Day 5 – Films #13, #14, #15, #16

SCORE at half-time:

Kate – 16 (distracted by household and other obligations, not fully on vacation)
Nan – 14 (pretty dang good considering she is a full-time student

At this point in the week, I’m moving pretty slowly and am not having an easy time pulling my thoughts together, but will do my best.  Photos coming.  Haiku on suspension.

The Other Dream Team (US Documentary):  This movie is everything that China Heavyweight should have been, but wasn’t.  Through the life/experience of 4 members of the 1988 USSR and 1992 Lithuanian Olympic basketball teams, we watch the political trials and fortunes of Lithuania from post-WWI to the present.  You can’t help but to cheer when they finally beat Russia for the bronze.  But what is with those Grateful Dead t-shirts, and that funny smell in the room?  Another must see.

Can (World Dramatic): The title is confusing.  The “C” in Turkish is pronounced like a soft “J”.  “Can” is probably the equivalent of “John” in English.  It is the name of the child who is the film’s subject.

Can is my favorite film thus far at this festival.  This Turkish story focuses on an infertile couple who decide to “adopt” a child.  The decision has a profound effects on the mother, father and child.  Told in realtime and with flashbacks, the story is emotionally profound, coherent, and authentic.  The child speaks only a few words at the end of the movie, but is luminous throughout.  Go see this film.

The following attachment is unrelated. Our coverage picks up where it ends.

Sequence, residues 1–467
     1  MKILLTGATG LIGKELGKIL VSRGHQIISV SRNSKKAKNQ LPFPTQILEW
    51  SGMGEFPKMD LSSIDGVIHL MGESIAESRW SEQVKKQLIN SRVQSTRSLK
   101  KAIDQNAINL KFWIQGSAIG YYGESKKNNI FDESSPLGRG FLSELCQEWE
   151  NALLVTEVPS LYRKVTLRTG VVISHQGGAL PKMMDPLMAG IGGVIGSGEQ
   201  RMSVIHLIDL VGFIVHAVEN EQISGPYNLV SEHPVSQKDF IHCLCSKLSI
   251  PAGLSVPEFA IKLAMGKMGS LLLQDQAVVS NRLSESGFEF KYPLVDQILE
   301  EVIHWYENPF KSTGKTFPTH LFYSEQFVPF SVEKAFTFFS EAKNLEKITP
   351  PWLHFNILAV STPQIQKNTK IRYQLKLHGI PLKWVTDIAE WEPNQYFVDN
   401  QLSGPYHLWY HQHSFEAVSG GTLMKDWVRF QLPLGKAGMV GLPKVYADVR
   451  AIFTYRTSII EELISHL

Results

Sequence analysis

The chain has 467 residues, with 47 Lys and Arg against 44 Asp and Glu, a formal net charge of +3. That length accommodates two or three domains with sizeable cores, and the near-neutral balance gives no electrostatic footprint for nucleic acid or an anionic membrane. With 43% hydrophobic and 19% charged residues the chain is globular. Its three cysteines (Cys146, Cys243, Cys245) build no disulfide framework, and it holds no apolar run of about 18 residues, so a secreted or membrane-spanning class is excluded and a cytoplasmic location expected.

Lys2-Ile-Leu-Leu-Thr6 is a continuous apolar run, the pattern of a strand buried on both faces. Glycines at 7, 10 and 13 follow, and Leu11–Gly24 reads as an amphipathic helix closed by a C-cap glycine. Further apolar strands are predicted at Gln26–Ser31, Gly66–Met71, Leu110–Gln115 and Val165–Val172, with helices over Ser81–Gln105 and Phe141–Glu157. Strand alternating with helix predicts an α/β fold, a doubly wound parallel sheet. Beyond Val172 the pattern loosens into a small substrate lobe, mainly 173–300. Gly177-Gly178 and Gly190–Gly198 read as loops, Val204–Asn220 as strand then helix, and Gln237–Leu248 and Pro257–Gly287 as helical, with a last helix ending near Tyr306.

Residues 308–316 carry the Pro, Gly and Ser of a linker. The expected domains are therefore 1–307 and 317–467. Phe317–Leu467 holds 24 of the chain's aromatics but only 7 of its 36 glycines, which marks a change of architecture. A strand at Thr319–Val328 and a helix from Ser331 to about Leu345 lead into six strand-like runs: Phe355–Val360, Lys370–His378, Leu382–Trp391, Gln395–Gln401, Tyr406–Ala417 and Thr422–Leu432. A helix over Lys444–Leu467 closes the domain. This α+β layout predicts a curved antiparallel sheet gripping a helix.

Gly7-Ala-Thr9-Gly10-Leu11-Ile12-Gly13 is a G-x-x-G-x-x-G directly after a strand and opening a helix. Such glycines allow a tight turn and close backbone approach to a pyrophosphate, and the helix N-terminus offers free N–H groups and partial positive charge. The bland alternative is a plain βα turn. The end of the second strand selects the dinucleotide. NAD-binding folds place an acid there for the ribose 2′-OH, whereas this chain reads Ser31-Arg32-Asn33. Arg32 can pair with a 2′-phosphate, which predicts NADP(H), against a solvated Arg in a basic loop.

Bestiaire (New Frontier):  You have to hand it to the director.  It isn’t easy to create a film, while avoiding any semblance of a storyline.  It also isn’t easy to watch.  If you want to be filmicly challenged, just about anything in the New Frontier is a good choice.  It is good to see on once a year to remind yourself of the extensive boundary of the art of film.

New Frontier Shorts (New Frontier):  This was a collection of four “short” (the most interminable being 39 minutes) experiential films.  I’ll focus on one of them: The Monkey King, the 39 minute one.  There were something like 11,000 submissions to Sundance, of which something like 200 total are chosen for screening.  Pretty long odds, right?  So we’re watching this film and thinking, “You had to choose this one?  So just how bad were the rest of them?”  The annoyance and derisive laughter of the audience grows throughout the screening.  Several viewers walk out.  About 2/3s of the way through the screen goes black, as if it is over, and everyone cheers because it is over.  But no, 20 seconds later the film starts up again with the same Jackson Pollock-style image rotating erratically on the screen.  The audience boos in horror.  When the credits finally start to roll, someone starts to clap.  Another patron yells out: “Don’t do that, they might be faking us out again.”  Like I said, New Frontier once a year is great.  Twice in in an evening, well, uh . . .

That ended Tuesday at Sundance.